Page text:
Thursday, 23 October, 1828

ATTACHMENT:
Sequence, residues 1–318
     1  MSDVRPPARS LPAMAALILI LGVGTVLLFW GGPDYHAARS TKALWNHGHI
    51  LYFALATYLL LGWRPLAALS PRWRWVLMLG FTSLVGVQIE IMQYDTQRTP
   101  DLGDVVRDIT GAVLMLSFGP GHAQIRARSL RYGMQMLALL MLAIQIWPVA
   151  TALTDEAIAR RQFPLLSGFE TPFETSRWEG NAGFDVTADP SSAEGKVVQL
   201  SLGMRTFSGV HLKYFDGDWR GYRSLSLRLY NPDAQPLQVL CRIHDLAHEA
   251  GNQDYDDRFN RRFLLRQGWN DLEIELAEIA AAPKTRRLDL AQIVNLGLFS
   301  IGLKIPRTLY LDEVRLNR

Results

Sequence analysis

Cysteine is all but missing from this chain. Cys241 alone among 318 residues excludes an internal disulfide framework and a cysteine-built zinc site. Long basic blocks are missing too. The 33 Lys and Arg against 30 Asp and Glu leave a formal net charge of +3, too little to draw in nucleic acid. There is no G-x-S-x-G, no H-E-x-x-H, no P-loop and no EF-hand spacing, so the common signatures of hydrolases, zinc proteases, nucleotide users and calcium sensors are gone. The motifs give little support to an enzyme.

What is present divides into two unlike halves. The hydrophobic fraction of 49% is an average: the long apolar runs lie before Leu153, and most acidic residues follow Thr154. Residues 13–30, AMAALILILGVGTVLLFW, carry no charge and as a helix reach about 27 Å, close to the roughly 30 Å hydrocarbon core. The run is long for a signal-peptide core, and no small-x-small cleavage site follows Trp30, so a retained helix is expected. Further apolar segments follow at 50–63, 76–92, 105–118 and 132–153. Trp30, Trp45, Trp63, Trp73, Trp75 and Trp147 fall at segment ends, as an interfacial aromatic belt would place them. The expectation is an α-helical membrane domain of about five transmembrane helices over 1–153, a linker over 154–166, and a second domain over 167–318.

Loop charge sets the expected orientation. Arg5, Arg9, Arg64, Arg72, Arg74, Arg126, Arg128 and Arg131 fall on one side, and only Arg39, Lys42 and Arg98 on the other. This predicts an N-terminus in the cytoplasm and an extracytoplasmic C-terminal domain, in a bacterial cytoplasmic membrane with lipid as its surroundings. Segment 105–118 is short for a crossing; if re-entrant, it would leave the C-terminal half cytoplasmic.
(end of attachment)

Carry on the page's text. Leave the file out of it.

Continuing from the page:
Last evening I had placed myself by the side of a comfortable fire and in pleasant company, a summons was received couched in strong terms of distress, requesting an immediate attendance. The distance said to be about ten miles. Indeed I thought it twenty. The road was most dreadful, in the night, and the weather was quite cool, so that in riding that distance I was quite chilly. I found the man in extreme agony, walking the room for a few moments and then resting his head on his wife's lap. I shall never forget this moment. After having warmed and learned the history of the case and that an inflammation had occurred near the joint of the lower jaw and a very little motion created much pain, all attended with high arterial excitement and nausea at the stomach. As I was preparing some medicine for him to take, he said, for God's sake, Doctor, don't give me a puke, for it will kill me, and this was the very identical medicine I had intended to administer. I merely mentioned that I would attend to it. I gave him one portion and so every fifteen minutes until I had given the third, when I observed the sweat begin to appear, and in a few moments, he exclaimed, Oh! Doctor, this will make me puke, Oh! how sick I feel. Good God, it will kill me. But any further exclamations was hushed by copious vomiting and the jaw that could not before be opened, was now extended its full length, and in the space of a half hour he was completely relieved and slept all night thereafter. I felt for the man, but it was with much difficulty I could restrain my visibility from bursting into extravagant laughter. After he had become composed, I retired to bed and the morning came and I was once more on the road for home, and I found it fully as bad as I had concluded it was last night.